Asian Equities Headed Lower, Stung by Fed Hawks: Markets Wrap

  • In Business
  • 2023-02-09 02:58:07Z
  • By Bloomberg

(Bloomberg) -- Stocks in Asia edged lower Thursday as hawkish comments from Federal Reserve officials prompted investors to rethink expectations about US peak rates.

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Shares fell in Japan and Australia, while equities in Hong Kong and mainland China fluctuated. US futures edged higher after the S&P 500 declined 1.1% and the tech-heavy Nasdaq 100 fell 1.8%.

The knock to risk sentiment hinged on comments from four Fed officials who spoke at separate events Wednesday and reinforced a shared message: the fight against inflation is not yet won. Fed-funds futures markets priced in higher rates, with some options traders betting the US policy benchmark will reach 6%.

"I don't think the Fed will cut within this year," Jun Bei Liu, portfolio manager at Tribeca Investment Partners, said on Bloomberg Television. "The Fed was behind the curve in terms of putting up their interest rate and they certainly are going to be very slow in cutting the interest rate."

Fed Bank of New York President John Williams said prior Fed indications that would see rates rise to 5.1% remain accurate.

Treasury 10-year notes held the gains from a rally on Wednesday in the wake of a strong auction. Australian and New Zealand government bonds were largely unchanged. An index of the dollar and the yen were flat.

A 7.7% drop for Alphabet Inc. shares amplified the hit to tech stocks as investors showed concern that its new artificial intelligence chatbot Bard may yield inaccurate responses. Walt Disney Co. shares surged in after-hours trading following fourth-quarter earnings that outpaced estimates. The company unveiled a dramatic restructuring that includes slashing 7,000 jobs as part of a $5.5 billion cost-cutting plan.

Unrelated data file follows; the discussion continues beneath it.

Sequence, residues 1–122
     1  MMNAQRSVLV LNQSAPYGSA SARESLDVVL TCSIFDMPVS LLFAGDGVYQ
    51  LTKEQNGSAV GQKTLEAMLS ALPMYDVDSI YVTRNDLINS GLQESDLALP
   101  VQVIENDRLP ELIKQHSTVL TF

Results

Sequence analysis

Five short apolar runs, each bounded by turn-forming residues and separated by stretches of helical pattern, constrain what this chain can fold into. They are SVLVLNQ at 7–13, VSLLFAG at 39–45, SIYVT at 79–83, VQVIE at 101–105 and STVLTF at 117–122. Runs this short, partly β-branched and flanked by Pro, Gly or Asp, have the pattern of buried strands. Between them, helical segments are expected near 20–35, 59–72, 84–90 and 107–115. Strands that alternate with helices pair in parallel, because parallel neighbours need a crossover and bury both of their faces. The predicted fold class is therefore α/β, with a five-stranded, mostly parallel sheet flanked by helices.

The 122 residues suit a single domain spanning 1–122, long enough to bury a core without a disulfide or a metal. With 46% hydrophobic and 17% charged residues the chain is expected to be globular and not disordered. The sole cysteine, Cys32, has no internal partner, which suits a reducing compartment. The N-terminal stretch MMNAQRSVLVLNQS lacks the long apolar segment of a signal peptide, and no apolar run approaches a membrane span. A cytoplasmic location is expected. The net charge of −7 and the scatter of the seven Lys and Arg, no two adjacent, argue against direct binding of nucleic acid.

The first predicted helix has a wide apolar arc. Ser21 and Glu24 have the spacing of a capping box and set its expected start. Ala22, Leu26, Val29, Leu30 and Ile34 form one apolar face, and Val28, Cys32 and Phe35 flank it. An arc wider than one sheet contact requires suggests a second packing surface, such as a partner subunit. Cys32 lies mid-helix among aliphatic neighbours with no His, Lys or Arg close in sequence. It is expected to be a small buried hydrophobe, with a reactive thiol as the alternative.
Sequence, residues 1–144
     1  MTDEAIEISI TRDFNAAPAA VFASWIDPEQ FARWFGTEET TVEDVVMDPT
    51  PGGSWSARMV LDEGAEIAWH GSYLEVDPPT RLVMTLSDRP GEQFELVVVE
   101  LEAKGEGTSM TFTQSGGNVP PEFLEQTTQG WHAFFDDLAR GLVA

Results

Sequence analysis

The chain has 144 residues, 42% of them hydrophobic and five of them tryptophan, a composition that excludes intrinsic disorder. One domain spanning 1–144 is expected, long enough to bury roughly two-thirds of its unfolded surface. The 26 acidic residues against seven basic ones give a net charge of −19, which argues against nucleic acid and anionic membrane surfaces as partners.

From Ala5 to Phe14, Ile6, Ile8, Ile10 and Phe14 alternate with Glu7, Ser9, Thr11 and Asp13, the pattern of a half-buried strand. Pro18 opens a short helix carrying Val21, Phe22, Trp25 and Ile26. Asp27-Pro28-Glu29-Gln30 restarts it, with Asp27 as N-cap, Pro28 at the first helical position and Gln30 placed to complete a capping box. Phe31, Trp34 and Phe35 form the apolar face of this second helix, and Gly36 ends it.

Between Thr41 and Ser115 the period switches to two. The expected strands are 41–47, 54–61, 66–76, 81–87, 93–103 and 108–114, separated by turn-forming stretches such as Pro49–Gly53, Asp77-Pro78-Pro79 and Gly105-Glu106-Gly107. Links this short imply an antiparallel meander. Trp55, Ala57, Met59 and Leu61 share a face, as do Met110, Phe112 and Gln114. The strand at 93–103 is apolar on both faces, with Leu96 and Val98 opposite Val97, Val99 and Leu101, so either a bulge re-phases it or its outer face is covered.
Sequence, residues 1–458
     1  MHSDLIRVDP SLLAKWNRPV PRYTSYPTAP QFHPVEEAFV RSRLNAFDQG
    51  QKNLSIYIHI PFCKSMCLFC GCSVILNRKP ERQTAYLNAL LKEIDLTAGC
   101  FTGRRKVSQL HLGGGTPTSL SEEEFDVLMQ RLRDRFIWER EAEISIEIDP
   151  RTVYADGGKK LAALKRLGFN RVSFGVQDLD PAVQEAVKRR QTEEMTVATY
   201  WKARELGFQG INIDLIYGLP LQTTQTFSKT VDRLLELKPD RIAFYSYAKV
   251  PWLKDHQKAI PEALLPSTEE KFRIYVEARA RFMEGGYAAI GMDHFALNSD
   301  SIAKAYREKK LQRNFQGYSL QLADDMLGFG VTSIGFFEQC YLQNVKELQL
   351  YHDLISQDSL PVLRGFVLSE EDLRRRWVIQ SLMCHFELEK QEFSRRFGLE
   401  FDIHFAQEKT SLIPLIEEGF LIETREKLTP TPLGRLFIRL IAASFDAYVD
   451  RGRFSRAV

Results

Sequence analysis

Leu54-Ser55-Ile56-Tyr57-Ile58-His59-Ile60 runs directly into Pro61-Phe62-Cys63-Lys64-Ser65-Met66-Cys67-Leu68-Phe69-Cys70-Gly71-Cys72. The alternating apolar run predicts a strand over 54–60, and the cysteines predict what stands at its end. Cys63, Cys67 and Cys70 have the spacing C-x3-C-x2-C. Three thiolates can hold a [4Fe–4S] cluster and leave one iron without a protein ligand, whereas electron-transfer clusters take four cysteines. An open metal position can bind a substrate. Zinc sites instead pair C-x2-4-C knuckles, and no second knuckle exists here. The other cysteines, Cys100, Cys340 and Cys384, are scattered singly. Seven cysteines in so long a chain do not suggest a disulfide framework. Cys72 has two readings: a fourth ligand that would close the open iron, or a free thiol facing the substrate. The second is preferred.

"We continue to expect market volatility ahead as news flow on earnings, inflation, the economy, and Fed bounces from bullish to bearish and back again," wrote Stephen Auth, chief investment officer of equities at Federated Hermes.

Meanwhile, Turkey's stock exchange suspended trading for the first time in 24 years following a selloff that erased billions of dollars from the value of its main equities gauge in the wake of two devastating earthquakes. Trading in Turkish equities, futures and option contracts will resume on Feb. 15.

Elsewhere, oil steadied during trading in Asia after rallying about 7% over the previous three sessions as investors assessed the latest commentary from Fed officials and mixed Energy Information Administration data. Gold was little changed.

Key events:

  • US initial jobless claims, Thursday

  • ECB President Christine Lagarde participates in EU leaders summit, Thursday

  • Bank of England Governor Andrew Bailey appears before Treasury Committee, Thursday

  • US University of Michigan consumer sentiment, Friday

  • Fed's Christopher Waller and Patrick Harker speak, Friday

Some of the main moves in markets as of 11:49 a.m. Tokyo time:


  • S&P 500 futures rose 0.2%. The S&P 500 fell 1.1%

  • Nasdaq 100 futures rose 0.3%. The Nasdaq 100 fell 1.8%

  • Japan's Topix fell 0.2%

  • Australia's S&P/ASX 200 fell 0.5%

  • Hong Kong's Hang Seng rose 0.4%

  • The Shanghai Composite rose 0.7%

  • Euro Stoxx 50 futures rose 0.4%


  • The Bloomberg Dollar Spot Index was little changed

  • The euro rose 0.2% to $1.0732

  • The Japanese yen was little changed at 131.43 per dollar

  • The offshore yuan was little changed at 6.7941 per dollar


  • Bitcoin fell 0.2% to $22,904.38

  • Ether fell 0.5% to $1,644.99


  • The yield on 10-year Treasuries was little changed at 3.61%

  • Japan's 10-year yield was little changed at 0.49%

  • Australia's 10-year yield advanced three basis points to 3.65%


  • West Texas Intermediate crude was little changed

  • Spot gold rose 0.2% to $1,879.79 an ounce

This story was produced with the assistance of Bloomberg Automation.

--With assistance from Rita Nazareth and Tassia Sipahutar.

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©2023 Bloomberg L.P.


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